IMG_9339 (800x600) (2)There’s a part of town called IM VIADUKT … and not surprisingly, it’s an old viaduct originally built in 1894. But instead of leaving it to rack and ruin, to bury itself beneath a coating or five of graffiti or yards of trellised ivy, the Swiss have turned it into a serviceable work of art: serviceable because of the shops and restaurants and cafés that have established themselves underneath in the 36 arches; artistic because of the night lights that showcase its nooks and crannies, curves and corners. The architects faced a huge challenge – their task was to develop this monumental piece of architecture within the confines of a preservation order, and to do so affordably, given the Swiss penchant for bureaucracy and red tape. And while I’m not a student of the trade I know what I like – and I like this place … a lot.

IMG_9401 (800x600)IMG_9413 (800x600)I stayed with friends in an old industrial space by the river that by rights should be ugly – concrete and steel – but instead is funky and modern without being an eyesore. I spent quite a bit of time marveling at the juxtaposition of old and new in the city – the Swiss seemed to have accomplished in Zurich what so many other city planners have failed to do – a perfect marriage of old and new.

Yes, the sheer beauty of Budapest’s architecture remains unchallenged but Zurich has wedged its way into my heart.

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Built for the sun

IMG_2427 (591x800)If ever a city was built for the sun, Las Palmas was. The locals will tell you that it only rains 10 days a year on the island of Gran Canaria and whether this is true or not is neither here nor there. Buildings which, to my mind, would be eyesores anywhere else, seem to blend in beautifully – or perhaps are made beautiful – because they reflect the sun. It’s a little like what I imagine a mirage to be – shaky images so real that you think they’re a design feature until you look across the road and see the real thing, alive and well, made of bricks and mortar. There’s no holding back with the colour palette, either.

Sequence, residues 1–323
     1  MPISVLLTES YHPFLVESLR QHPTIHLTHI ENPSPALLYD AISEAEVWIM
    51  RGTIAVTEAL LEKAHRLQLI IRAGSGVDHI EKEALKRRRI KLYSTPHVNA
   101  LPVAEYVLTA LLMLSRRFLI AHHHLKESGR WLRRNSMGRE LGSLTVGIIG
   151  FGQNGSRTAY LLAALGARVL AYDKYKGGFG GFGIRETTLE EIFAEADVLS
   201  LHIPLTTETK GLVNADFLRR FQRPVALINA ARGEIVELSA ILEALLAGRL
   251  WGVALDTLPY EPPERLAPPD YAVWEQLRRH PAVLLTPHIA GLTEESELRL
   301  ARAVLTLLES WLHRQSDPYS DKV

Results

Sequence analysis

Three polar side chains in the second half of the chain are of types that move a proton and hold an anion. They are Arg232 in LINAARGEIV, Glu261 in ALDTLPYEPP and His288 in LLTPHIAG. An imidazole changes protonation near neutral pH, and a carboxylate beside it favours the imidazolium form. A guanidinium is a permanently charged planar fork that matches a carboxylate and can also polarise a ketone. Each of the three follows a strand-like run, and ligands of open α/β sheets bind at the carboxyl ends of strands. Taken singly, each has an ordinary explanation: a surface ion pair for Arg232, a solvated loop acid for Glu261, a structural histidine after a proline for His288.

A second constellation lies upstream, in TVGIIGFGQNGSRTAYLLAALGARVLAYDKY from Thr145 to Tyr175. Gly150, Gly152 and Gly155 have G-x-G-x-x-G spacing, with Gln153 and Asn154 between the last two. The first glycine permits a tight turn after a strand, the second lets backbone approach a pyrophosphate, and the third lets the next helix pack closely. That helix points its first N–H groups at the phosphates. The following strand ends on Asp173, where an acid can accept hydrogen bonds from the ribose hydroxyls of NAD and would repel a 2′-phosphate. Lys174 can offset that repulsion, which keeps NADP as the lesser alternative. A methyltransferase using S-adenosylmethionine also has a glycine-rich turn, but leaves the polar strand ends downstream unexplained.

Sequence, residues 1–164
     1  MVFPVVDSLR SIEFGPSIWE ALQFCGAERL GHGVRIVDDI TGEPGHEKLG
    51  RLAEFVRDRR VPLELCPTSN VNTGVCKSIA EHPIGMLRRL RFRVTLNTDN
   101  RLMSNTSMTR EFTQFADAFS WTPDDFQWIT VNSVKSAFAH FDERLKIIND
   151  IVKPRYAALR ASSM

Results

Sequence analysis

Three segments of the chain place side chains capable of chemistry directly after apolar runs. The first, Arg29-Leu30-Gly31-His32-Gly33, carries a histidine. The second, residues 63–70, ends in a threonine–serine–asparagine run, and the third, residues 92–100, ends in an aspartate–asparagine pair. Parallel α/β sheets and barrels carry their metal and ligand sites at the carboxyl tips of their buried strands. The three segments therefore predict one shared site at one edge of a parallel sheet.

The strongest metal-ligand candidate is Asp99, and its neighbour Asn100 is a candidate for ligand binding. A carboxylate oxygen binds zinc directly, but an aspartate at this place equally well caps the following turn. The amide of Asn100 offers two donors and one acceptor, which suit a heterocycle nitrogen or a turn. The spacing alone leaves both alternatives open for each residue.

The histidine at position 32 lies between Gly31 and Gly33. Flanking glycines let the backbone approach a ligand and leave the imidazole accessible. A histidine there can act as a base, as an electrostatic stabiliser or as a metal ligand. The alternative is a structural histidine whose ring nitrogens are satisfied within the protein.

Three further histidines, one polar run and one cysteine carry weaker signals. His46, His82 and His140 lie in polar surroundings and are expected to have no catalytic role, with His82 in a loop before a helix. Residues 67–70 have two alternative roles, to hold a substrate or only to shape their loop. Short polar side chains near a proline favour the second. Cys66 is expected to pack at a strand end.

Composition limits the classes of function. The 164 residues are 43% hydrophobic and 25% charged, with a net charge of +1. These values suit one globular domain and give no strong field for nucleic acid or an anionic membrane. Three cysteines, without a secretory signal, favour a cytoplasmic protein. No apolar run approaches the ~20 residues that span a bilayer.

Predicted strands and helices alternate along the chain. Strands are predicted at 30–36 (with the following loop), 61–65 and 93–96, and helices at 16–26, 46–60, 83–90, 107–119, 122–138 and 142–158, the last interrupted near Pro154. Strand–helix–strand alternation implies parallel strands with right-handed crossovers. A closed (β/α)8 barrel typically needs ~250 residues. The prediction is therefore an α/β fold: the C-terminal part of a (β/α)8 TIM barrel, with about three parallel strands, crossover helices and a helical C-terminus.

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Images of the beautiful island of Burano near Venice and holiday cottages in the West of Ireland come to mind. In the former, the colour is quirky; in the latter, it’s plain gaudy. Yet here in Las Palmas, it seems so natural. It has to be the sun.

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I don’t have the jargon to talk sensibly about the architecture but I know enough to realise that the city planners have been on holiday for a long time. Old and new sit side by side and perfect harmony is noticeable by its absence. And yet even that isn’t as upsetting for me as it has been in other cities I’ve been to. Perhaps it’s the audacity of the colours – the statements the bright greens and yellows and purples make. Given that Las Palmas is just a mere 500 years old, it might well be still enjoying its teenage rebellion.

IMG_2527 (578x800)While everyone here seems to smoke and cigarettes are ridiculously priced at €1.20 a pack, I’ve not had a whiff of anything more toxic. Perhaps just as well, really. I can’t imagine being on LSD or some other mind-altering substance when, clean and sober, it takes me  a few minutes to decide if what I’m seeing is real or just a reflection of reality.  And it’s happened more than once or twice. It could well be the caffeine though, as I can’t resist a cafe con leche. Even the drabbest bus terminal’s coffee rates. [As a not so complete aside, the local name for a bus is a guagua – what a great word!]

IMG_2469 (600x800)There’s no shortage of greenery in this, Spain’s seventh-largest city. The most popular trees are laurel and palm and the green is picked up in a lot of building design. Skate parks abound and every flat open square is teeming with young and old on skate boards and roller blades trying to outdo each other or master that one set of steps they keep tripping on. I saw one chap (not all that much younger than I am) take three falls before he managed to leap a set of four steps and stay upright. Each to their own, I say. Whatever blings your blade. That and the myriad exercise machines lined up along the prom must deliver quite an active set of a locals and a fitter set of tourists than your average package resort. I even saw a chap reading the odometer on a city running machine last night. Either the city is doing a usage survey or Las Palmas has taken train spotting one step further.

Grateful 2